FOR Communication: Politicians want to inhibit the development of Polish agriculture
As the prohibition on purchase of agricultural land by foreigners ends on 1 May 2016, politicians want to freeze the trade in agricultural land in general. Such will be the result of a law passed by the Parliament of the previous convocation and the draft law adopted by the Government of Beata Szydło on 23 February 2016. This will slow down the improvement of agricultural productivity and increase the outflow of workers to more productive sectors of the economy. Currently, Poland has the fourth lowest agricultural productivity and the fourth highest percentage of people working in agriculture in the European Union.
On 1 May 2016, there ends a transitional period negotiated with the EU, during which acquisition of agricultural land by foreigners was prohibited without special permission from the Ministry of Interior. That is why politicians want to freeze the trade in agricultural land in Poland completely. The amendment to the Act on shaping the agricultural system, proposed by PSL, was passed almost unanimously by the Parliament of the previous term (by the parties: PO, PiS, PSL, SLD) - only two non-attached MPs voted against - and signed by President Andrzej Duda in July 2016.
An analysis by the Bank PKO BP lists the following as the major changes introduced by the law:
1. The purchaser of land will have to cultivate the land personally and reside in the commune or its neighborhood.
2. Purchasers will not be able to hold land with a total area exceeding 300 ha.
3. Resale of land purchased from the Treasury will be banned for ten years.
4. Consent for the sale, exchange or donation of an agricultural property will be required from the local branch of the Agricultural Property Agency.
On February 23, the government adopted a draft law tightening further these limits:
1. Acquirers of agricultural real estate would have to be as a rule individual farmers, with agricultural qualifications, holding agricultural property with an area of up to 300 hectares, residing in the commune for at least five years;
2. The Treasury will suspend sale of agricultural property for a period of five years, and the agricultural land of the Agricultural Property Agency will only be leased to the farmers;
3. Purchasers will not be able to sell the acquired agricultural property for ten years and will have to operate the farm personally.
These changes will lead to the freeze on trade in agricultural land. Meanwhile, Polish agriculture is among the least productive in the European Union (Figure 1). The main reason for that is the small average size of farms in Poland, which according to Eurostat, in 2013 was 10 hectares to 16 hectares in the EU-28, 59 hectares in Germany, and 133 hectares in the Czech Republic. Small-scale of activities is confirmed by the fact that most Polish farms in the EU employ family members.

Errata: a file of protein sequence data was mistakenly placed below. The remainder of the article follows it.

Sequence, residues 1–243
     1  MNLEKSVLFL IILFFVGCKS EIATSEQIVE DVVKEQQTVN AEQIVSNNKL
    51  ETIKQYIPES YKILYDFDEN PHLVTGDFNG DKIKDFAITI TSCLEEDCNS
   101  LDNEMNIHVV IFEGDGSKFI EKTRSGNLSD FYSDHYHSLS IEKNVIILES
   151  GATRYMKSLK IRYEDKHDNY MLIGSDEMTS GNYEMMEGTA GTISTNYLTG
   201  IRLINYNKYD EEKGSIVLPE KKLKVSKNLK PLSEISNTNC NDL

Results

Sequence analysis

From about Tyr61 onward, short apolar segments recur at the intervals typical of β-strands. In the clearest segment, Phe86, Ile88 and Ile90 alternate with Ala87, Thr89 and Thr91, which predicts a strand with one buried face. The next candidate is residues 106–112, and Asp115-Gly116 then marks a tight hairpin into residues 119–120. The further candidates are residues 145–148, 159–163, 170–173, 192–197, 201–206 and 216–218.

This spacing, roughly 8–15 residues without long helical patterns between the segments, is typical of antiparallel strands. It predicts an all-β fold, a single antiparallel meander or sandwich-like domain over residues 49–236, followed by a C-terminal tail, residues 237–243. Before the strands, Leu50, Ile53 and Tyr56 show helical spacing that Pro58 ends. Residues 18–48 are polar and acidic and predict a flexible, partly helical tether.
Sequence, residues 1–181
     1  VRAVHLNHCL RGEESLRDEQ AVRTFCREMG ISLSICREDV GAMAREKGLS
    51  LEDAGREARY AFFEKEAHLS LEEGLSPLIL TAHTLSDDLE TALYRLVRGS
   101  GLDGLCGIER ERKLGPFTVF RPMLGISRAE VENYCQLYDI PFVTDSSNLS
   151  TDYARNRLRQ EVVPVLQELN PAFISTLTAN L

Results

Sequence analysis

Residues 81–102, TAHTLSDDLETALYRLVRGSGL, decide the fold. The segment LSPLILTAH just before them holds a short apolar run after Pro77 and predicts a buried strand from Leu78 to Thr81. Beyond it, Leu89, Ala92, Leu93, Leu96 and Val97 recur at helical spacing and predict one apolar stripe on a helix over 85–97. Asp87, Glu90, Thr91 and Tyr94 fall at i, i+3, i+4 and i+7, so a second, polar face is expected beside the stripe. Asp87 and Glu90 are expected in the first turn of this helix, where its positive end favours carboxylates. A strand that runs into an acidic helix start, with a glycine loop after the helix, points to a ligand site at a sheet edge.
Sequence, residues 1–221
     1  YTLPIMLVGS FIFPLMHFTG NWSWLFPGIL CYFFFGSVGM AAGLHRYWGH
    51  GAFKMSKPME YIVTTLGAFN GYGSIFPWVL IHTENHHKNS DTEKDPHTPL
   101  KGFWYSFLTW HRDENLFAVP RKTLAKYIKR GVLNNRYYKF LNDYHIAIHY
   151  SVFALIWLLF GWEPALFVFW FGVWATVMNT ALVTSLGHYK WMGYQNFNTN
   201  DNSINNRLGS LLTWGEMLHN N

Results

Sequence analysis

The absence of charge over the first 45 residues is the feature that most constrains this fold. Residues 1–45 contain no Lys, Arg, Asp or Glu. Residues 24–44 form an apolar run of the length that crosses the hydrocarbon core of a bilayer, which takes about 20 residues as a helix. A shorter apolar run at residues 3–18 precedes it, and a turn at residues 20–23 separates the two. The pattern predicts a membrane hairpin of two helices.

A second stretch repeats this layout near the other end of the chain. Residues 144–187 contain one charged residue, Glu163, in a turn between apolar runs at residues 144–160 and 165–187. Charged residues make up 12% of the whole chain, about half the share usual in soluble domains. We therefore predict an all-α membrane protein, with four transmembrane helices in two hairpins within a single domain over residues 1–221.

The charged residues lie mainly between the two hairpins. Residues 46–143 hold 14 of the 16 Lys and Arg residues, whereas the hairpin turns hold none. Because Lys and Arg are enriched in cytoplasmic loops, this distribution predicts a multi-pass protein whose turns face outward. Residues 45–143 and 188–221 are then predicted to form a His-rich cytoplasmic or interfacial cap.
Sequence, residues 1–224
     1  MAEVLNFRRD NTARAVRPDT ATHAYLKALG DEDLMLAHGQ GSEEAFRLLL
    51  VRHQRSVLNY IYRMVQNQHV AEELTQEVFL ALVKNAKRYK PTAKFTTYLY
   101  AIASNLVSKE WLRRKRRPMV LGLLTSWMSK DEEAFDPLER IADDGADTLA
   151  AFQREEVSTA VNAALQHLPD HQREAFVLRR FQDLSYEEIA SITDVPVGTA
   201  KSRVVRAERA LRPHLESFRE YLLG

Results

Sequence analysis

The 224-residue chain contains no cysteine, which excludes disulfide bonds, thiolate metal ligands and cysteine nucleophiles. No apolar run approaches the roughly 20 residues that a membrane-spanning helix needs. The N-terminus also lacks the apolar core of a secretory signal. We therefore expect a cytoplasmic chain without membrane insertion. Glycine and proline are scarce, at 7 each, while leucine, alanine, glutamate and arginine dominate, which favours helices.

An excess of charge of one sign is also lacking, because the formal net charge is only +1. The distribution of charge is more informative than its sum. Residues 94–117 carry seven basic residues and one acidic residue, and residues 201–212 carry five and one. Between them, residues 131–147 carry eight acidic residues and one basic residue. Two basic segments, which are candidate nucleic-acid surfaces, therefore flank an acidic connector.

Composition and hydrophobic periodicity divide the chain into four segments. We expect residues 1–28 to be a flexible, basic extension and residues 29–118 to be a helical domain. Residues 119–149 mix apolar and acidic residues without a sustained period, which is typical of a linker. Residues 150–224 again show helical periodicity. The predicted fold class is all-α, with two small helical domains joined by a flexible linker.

The share of agriculture in employment remains very high. According to Eurostat, in 2014 it amounted to 11.5% of the employed (fourth highest rate in the EU), compared to only 5% in the EU-28, 1.5% in Germany and 3.3% in the Czech Republic. At the same time in Poland productivity (measured by value added per worker) in agriculture is five times lower than in services (see FOR Report "Next 25 years"). This means that the outflow of workers from agriculture to other sectors would be associated with a significant improvement in the productivity of the entire Polish economy.
Up to now the process of quitting farming has continued successfully and spontaneously as a result of market forces. According to the World Bank, in 1990 25% of workers was employed in agriculture, the percentage twice larger than today. Thanks to improved productivity, agricultural production increased, despite the outflow of workers. Eurostat data indicate that in the years 2000-2013 the agriculture sector had the downright fastest growing productivity in Poland. In the years 2005-2013 the average size of a farm increased by 69%.
In 2013, farms with an area of over 100 hectares employed 3% of all workers in agriculture, while producing 16% of the value. Further consolidation of farms is unfortunately hampered by state subsidies. Annually, agriculture receives approx. 40 billion zł in subsidies to pensions from KRUS (the Agricultural Social Insurance Fund), EU subsidies and tax preferences (see FOR Report "Next 25 years"). This amount equals to almost the entire added value of agriculture, which according to Eurostat, was 45 billion zł, in 2014. Now politicians want to completely prevent the further consolidation because this will be the effect of the de facto freeze of trade in agricultural land.
Full communication by FOR (in Polish) available to download here.
1 http://www.sejm.gov.pl/sejm7.nsf/agent.xsp?symbol=glosowania&nrkadencji=7&nrposiedzenia=95&nrglo sowania=154.
2 PKO BP, Rynek nieruchomości gruntowych – działki rolne górą, Monitoring Branżowy, Analizy Sektorowe, 17.02.2016, http://www.pkobp.pl/centrum-analiz/analizy-sektorowe/raporty-branzowe/rynek-nieruchomosci-gruntowych-dzialki-rolne-gora/.
3 Komunikat CIR, 23.02.2016, http://www.minrol.gov.pl/pol/Ministerstwo/Biuro-Prasowe/Informacje-Prasowe/Komunikat-CIR
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Rafał Trzeciakowski, Economist an FOR
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